4.2 Applying critical and reflective thinking in academic and professional contexts: business and management perspective
Employers from both public and private sector organisations require from their employees an ability to think critically and reflectively, and to apply critical understanding to common everyday work problems and issues (Arum and Roksa, 2011). There are two aspects to this. First, critical thinking is directed externally at some idea, theory, model, concept or framework – you will be introduced to many of these as a postgraduate student and be expected to develop your ability to apply your critical and reflective qualities over the course of your studies. What this means in practice is that you do not just accept an idea unquestioningly, but that you think around it, consider what assumptions underpin it, what agendas are being advanced, and crucially, what is not there that weakens or limits its strength.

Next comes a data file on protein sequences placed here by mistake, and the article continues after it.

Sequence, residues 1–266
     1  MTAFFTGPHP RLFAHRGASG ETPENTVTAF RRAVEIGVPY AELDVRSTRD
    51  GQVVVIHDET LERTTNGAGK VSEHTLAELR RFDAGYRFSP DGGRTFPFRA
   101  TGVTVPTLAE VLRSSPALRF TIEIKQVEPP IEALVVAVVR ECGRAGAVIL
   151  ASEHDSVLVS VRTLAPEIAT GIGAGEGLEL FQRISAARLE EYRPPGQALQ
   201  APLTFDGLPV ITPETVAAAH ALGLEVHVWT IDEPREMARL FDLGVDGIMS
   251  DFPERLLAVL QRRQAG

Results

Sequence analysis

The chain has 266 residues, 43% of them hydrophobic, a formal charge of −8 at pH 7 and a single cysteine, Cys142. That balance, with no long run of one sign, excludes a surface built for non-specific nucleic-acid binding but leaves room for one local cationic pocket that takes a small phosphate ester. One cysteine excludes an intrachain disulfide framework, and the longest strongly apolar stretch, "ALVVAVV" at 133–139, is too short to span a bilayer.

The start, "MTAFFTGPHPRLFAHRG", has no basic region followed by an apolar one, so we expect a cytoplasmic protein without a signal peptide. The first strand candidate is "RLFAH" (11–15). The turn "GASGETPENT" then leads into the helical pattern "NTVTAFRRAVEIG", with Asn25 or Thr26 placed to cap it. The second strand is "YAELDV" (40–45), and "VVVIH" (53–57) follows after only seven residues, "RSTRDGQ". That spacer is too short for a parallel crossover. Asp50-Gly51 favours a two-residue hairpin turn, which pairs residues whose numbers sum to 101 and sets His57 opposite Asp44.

As well as thinking critically about ‘external’ issues, you will also be required to develop a greater awareness and understanding of how you think, and why you think in the way that you do – we refer to this as ‘reflective thinking’ and this is the second aspect covered. Why is this important? Well, to be an effective manager you need to exercise judgement, and judgement is always linked to who you are and how you think. Mintzberg (2004) describes management as a craft rather than a science, and managers as craft-workers. Craft-workers are intimately connected to the products they craft, and this suggests that managers are closely connected to the managerial judgements they make. Developing an ability to reflect upon yourself and how you approach management problems and issues is a vital skill that you will need to develop.